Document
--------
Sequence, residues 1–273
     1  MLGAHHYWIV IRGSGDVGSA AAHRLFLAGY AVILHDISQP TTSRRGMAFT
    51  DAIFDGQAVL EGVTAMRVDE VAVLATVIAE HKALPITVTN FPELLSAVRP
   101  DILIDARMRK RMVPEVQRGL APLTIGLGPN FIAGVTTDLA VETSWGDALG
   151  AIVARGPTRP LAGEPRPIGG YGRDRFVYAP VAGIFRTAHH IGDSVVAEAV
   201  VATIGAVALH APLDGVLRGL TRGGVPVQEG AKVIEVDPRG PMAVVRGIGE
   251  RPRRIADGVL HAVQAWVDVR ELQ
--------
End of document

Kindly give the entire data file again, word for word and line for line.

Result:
Sequence, residues 1–273
     1  MLGAHHYWIV IRGSGDVGSA AAHRLFLAGY AVILHDISQP TTSRRGMAFT
    51  DAIFDGQAVL EGVTAMRVDE VAVLATVIAE HKALPITVTN FPELLSAVRP
   101  DILIDARMRK RMVPEVQRGL APLTIGLGPN FIAGVTTDLA VETSWGDALG
   151  AIVARGPTRP LAGEPRPIGG YGRDRFVYAP VAGIFRTAHH IGDSVVAEAV
   201  VATIGAVALH APLDGVLRGL TRGGVPVQEG AKVIEVDPRG PMAVVRGIGE
   251  RPRRIADGVL HAVQAWVDVR ELQ